Thursday, July 14, 2011


This average spy thriller is set at a small resort hotel on the French Rivera just before the outbreak of WWII. James Mason, a medical student and amateur photographer, is hauled in by the police when the film in his camera is discovered to have some snapshots of military installations, photos that a German spy might have taken. Mason's not a spy and the police know it, but they want him to go back to the hotel and find out which guest might have accidentally used his camera for their espionage. The suspects include a pompous windbag who is wrong about virtually everything he says, a scruffy fisherman, a German loner, a newlywed couple, the female manager of the hotel, and, of course, a pretty young girl whom Mason can fall for while he's risking his reputation and his life with his somewhat sloppy investigation. Most critics compare this unfavorably to a Hitchcock thriller, but I think that’s asking it to be something it isn't and, as an RKO B-film, could never have been, not to mention that the film has three directors given credit, which is never a good sign. It does occasionally have some nice visual touches that wouldn't have been out of place in a Hitchcock film, but the lower your expectations, the more you're likely to enjoy this film. The plot has holes and the acting is so-so, with the standouts being the young Mason, the always reliable Herbert Lom (pictured), and Lucie Mannheim as the hotel proprietress. Not especially memorable, but not a waste of time for fans of the stagy WWII B-spy films, like me. [TCM]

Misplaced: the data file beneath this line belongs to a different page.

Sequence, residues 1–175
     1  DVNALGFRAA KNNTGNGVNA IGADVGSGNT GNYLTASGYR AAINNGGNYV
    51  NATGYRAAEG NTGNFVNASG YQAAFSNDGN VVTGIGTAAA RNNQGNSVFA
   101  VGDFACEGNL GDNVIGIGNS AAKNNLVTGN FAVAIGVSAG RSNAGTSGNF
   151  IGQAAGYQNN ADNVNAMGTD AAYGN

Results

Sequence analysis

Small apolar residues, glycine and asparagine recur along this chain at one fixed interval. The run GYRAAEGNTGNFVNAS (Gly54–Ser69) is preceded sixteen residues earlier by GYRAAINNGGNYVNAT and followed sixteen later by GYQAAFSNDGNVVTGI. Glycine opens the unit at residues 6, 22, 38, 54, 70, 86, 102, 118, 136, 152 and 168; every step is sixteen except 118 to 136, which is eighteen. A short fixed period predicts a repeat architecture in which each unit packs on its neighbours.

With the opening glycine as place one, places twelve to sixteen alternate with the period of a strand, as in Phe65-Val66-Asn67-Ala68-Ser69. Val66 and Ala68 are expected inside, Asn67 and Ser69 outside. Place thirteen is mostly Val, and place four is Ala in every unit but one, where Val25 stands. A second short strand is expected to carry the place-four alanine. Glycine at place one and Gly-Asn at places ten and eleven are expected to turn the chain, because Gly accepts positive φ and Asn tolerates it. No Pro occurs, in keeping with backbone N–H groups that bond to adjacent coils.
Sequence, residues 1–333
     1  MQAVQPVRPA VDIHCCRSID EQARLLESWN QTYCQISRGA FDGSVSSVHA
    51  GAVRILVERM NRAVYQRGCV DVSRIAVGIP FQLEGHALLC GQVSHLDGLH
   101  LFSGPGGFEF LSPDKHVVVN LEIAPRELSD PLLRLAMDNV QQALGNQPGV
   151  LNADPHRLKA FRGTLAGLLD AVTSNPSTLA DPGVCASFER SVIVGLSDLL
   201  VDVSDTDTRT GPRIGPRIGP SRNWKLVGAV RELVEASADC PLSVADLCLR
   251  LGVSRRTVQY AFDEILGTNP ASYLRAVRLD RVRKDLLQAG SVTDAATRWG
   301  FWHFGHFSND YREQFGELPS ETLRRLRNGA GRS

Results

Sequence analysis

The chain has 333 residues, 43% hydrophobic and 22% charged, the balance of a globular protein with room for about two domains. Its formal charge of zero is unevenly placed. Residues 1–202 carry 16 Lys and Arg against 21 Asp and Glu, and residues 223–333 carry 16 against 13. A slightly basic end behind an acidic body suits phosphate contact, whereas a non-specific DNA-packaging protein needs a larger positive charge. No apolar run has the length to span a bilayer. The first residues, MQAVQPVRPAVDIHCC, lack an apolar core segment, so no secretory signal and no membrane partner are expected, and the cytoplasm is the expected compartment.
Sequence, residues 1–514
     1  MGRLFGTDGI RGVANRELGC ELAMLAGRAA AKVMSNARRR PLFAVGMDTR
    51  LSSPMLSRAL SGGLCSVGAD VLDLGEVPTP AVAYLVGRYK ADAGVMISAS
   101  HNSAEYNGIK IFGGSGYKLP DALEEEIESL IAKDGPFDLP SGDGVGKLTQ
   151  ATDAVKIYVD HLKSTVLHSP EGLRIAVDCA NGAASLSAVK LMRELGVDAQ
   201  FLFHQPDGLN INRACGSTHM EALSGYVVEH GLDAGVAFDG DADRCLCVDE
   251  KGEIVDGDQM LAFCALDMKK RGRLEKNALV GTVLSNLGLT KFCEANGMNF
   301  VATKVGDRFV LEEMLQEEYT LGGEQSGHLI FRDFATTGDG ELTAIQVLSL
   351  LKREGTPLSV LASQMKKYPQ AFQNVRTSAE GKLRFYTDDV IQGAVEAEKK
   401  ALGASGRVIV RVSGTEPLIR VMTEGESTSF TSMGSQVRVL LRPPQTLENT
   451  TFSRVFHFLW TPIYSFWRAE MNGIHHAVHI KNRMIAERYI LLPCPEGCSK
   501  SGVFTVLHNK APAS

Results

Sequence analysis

No comments: